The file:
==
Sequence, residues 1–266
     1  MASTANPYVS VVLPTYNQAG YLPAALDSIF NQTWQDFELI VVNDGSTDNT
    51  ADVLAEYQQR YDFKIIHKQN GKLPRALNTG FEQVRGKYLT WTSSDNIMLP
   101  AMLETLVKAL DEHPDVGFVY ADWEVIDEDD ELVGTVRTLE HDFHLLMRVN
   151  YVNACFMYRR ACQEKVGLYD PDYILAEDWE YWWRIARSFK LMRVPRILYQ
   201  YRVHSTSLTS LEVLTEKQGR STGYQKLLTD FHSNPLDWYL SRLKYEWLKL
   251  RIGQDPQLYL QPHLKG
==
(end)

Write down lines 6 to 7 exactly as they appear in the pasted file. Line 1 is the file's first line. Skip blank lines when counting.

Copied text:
   201  YRVHSTSLTS LEVLTEKQGR STGYQKLLTD FHSNPLDWYL SRLKYEWLKL
   251  RIGQDPQLYL QPHLKG